Our low-light photo experience is similar to other recent Huawei phones we've reviewed - it seems the Night Mode has run its course, and it's not needed anymore. That is because the default output from the main camera is outstanding, with plenty of detail, adequate sharpness and superb exposure, often brighter than reality but not over the top.
The color saturation deserves praise for its impressive look. The dynamic range is much better than we expected, too, and clipped highlights are rare.
Finally, the noise is kept incredibly low, and these nighttime photos seem to be among the better ones you can get today.
There is no point in using Night Mode - it saves either the same photos but takes more time to shoot or introduce slight softness worsening the quality a bit.
The 2x zoom at night isn't 'lossless' like it was in broad daylight. It makes crops and then upscales from the default photos.
There is no Night Mode for the ultrawide camera, but thankfully, the nova 10 Pro doesn't need one. There is enough resolved detail, and the gentler noise reduction does help with that, too. We prefer to have some noise left rather than get fine detail smudged.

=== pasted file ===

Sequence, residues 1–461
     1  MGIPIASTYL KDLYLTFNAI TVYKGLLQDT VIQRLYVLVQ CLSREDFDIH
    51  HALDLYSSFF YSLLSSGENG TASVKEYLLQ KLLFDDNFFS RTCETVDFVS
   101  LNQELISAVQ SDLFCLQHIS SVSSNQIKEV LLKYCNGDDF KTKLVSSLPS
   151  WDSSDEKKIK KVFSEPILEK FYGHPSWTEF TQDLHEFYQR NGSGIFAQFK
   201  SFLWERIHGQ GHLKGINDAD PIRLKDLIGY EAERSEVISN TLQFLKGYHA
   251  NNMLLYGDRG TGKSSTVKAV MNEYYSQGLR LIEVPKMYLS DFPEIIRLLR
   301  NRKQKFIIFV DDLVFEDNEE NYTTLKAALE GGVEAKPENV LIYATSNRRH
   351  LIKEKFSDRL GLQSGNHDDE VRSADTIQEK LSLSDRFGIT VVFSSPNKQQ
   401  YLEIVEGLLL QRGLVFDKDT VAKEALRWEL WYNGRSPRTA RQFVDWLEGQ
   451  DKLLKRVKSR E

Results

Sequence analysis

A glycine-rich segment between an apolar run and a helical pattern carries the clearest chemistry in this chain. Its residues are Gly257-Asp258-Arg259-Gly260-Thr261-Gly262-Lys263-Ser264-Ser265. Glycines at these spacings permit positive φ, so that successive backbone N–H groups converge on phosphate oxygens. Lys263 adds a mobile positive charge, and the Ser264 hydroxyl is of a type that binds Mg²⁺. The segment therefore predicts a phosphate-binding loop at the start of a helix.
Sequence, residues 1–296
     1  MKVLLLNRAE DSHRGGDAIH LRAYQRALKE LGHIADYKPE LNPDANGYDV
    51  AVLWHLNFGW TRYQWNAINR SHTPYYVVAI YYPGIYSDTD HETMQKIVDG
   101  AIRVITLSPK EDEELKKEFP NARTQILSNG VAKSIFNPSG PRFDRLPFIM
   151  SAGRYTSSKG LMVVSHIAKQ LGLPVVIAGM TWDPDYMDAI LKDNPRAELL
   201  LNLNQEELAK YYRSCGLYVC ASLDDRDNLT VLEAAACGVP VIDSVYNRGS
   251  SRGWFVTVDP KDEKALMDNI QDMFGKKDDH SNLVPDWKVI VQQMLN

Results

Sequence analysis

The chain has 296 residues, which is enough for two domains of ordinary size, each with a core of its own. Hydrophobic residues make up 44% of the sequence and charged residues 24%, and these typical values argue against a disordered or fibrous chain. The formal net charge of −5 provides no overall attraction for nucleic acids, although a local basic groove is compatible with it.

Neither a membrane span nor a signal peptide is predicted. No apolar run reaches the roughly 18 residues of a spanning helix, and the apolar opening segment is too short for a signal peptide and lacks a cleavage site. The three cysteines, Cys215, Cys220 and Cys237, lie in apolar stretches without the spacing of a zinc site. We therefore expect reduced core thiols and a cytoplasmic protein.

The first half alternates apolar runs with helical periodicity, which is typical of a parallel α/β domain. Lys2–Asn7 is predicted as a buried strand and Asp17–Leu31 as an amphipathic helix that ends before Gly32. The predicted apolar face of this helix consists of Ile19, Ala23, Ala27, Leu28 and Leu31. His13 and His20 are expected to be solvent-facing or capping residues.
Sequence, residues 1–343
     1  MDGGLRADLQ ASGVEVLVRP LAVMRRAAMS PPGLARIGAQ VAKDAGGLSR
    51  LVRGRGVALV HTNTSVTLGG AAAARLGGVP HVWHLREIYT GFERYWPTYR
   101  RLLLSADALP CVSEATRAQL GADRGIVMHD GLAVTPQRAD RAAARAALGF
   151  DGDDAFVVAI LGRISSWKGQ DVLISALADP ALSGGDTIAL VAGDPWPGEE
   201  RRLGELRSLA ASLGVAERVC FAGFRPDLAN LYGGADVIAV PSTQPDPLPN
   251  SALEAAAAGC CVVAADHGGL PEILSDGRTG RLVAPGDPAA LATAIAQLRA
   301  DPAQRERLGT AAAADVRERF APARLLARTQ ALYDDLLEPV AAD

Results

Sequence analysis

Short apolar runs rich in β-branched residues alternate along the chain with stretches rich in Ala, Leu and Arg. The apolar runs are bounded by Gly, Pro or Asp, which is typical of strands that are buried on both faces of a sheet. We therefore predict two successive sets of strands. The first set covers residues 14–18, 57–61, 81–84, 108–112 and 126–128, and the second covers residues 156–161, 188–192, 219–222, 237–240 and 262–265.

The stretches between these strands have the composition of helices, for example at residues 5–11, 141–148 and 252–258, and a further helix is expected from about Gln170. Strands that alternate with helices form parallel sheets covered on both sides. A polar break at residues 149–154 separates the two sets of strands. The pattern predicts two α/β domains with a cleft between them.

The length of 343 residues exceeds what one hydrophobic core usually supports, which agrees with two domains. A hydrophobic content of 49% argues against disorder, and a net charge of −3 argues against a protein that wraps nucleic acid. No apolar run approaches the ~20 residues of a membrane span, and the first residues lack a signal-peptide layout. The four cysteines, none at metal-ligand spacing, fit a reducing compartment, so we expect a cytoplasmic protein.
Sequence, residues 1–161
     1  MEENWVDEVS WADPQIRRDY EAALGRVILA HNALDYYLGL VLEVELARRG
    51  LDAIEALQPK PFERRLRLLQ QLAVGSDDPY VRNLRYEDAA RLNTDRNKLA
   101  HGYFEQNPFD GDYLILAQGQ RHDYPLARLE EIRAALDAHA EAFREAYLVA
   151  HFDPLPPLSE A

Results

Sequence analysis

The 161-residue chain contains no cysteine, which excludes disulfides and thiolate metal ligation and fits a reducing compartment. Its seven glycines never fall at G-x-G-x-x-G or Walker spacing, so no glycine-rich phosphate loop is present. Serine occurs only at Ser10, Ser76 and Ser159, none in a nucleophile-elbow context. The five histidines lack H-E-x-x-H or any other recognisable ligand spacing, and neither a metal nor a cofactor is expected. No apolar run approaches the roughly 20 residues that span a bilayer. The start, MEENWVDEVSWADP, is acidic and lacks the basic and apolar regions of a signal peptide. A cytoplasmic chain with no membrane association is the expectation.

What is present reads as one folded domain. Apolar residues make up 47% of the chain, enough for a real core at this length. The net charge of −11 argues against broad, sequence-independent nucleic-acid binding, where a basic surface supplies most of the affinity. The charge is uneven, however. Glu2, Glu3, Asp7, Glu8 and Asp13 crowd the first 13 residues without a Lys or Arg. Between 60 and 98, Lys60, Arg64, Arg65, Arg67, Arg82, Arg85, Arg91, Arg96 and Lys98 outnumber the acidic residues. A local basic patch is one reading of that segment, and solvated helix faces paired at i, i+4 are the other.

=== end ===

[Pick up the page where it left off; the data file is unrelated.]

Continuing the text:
The colors of the ultrawide photos are accurate, the contrast is good, and the dynamic range is okay. There are a lot of clipped highlights, but all things considered, we got likable exposure, and these are some great ultrawide night shots.
And here are photos of our usual posters taken with the Huawei nova 10 Pro. You can see how it stacks up against the competition. Feel free to browse around and pit it against other phones from our extensive database.
There are two FoVs available for the 60MP selfie camera corresponding to 17mm and 19mm in 35mm equivalent, or simply put 0.6x and 0.8x on the viewfinder. And since the camera always saves 13MP instead of 15MP photos as it is supposed to do, those two are cropped from the default even wider output, but there is no upscaling involved and hence no loss in quality.
The 17mm view is wide, and we mean WIDE. It was meant for group shots where you can fit a dozen people in the frame, and they all will be detailed, sharp, well-exposed and colorful.